Clustering of HIV-1 subtypes using different word lengths. (A) k = 4, (B) k = 5 and (C) k = 6. SIVCPZ sequence was used as out-group to root the tree. The circled entries show the inaccurate clustering.

Resolving subtypes from the reference dataset

In order to classify new HIV-1 sequences, a Reference Sequence Set, apart from the above-mentioned sequences, is often used [23]. CGR corresponding to all Reference Set genomes were constructed and the frequencies corresponding to word length 6 were calculated. Figure 4 shows the dendrogram of the Reference Set of HIV-1 group M sequences. It clearly resolves all the distinct clusters as per different subtypes given in the Reference Set [23]. Thus, the optimised word length generates consistent classification with the Reference Set sequences, which were classified using traditional sequence alignment methods. The data set was found to be free of any reticulate component by verifying it using the neighbor-net algorithm as implemented by SplitsTree4 [27].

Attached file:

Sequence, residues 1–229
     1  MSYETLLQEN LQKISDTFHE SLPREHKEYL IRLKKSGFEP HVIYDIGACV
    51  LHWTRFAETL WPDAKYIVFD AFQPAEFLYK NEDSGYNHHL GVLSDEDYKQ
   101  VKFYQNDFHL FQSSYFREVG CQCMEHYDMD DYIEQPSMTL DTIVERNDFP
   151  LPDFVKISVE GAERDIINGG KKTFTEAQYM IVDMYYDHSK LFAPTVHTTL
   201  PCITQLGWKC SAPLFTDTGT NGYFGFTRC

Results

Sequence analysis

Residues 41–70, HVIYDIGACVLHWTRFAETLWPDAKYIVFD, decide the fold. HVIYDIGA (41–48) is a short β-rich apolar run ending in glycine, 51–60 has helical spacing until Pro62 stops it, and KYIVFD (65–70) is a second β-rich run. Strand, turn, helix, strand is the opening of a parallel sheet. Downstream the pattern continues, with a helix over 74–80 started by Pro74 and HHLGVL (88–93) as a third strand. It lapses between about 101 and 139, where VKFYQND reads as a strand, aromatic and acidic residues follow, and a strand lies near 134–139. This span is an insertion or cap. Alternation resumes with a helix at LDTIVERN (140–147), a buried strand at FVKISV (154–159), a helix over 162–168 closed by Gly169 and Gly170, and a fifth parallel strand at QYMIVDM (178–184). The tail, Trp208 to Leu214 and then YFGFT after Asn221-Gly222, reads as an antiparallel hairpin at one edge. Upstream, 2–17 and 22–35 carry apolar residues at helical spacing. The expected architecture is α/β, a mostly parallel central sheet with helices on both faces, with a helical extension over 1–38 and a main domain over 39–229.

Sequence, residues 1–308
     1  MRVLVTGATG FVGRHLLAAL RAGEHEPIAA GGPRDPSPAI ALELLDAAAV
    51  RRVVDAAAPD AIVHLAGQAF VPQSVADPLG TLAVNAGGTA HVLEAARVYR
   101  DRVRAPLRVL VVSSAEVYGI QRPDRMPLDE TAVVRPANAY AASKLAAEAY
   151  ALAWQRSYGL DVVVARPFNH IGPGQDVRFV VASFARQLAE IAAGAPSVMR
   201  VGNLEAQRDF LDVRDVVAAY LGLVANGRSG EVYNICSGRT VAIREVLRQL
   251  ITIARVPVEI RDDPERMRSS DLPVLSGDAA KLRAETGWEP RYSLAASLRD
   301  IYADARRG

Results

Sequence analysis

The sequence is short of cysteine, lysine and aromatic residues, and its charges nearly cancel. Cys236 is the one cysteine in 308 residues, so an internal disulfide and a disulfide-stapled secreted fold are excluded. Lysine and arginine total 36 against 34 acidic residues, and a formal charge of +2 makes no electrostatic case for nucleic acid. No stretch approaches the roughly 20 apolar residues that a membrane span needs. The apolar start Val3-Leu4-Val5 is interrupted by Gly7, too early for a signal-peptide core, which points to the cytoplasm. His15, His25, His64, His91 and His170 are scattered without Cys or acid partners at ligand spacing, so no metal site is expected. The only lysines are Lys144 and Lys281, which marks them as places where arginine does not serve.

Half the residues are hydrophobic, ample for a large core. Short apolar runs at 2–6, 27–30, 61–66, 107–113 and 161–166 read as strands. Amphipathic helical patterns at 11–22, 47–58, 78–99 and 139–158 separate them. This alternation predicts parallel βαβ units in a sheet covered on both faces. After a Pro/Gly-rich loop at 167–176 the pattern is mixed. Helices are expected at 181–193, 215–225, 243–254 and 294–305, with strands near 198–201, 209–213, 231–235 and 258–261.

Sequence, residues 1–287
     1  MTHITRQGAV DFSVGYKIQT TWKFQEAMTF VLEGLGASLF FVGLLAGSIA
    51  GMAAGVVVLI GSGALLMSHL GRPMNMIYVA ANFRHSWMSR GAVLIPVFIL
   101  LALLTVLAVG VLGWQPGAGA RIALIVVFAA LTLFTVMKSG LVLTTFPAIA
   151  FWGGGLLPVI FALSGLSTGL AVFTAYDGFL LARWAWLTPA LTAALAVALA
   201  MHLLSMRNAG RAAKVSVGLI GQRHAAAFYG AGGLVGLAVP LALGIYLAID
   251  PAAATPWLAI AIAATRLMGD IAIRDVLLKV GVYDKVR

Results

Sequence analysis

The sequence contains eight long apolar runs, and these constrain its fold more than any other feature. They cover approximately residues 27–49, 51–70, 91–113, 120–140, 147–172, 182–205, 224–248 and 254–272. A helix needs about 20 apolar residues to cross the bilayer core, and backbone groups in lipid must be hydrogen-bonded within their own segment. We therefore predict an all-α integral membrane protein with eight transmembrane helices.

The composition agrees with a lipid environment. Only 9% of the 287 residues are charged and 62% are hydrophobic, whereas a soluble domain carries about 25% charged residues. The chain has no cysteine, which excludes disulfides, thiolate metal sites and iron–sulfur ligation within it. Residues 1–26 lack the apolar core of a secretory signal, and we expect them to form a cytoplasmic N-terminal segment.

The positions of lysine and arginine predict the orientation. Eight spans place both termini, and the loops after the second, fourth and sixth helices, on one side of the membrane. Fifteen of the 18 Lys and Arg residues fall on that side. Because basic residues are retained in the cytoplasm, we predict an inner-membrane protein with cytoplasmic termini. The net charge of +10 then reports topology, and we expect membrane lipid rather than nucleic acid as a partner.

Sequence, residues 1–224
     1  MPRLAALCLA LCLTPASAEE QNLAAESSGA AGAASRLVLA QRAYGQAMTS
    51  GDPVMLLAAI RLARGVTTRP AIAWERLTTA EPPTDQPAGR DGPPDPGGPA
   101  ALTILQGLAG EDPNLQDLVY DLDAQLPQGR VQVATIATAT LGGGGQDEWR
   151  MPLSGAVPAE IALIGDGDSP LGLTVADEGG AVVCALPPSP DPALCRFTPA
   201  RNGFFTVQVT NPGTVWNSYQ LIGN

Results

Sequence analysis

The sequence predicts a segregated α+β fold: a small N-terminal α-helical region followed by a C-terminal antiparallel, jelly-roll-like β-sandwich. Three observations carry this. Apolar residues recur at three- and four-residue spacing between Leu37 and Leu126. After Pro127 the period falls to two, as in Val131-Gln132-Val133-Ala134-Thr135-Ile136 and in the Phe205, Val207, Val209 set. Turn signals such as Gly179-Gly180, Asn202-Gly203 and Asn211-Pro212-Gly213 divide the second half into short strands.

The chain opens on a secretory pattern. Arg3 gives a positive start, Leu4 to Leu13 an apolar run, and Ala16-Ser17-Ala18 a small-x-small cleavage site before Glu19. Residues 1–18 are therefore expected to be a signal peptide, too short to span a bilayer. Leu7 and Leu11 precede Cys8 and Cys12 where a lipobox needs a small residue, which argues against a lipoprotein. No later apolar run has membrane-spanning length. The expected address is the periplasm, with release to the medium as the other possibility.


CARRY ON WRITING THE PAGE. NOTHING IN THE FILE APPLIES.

Figure 4

Clustering for HIV-1 subtype reference sequence set for k = 6. SIV was used as an out-group to root the tree.

Resolving subtypes from all available genome sequences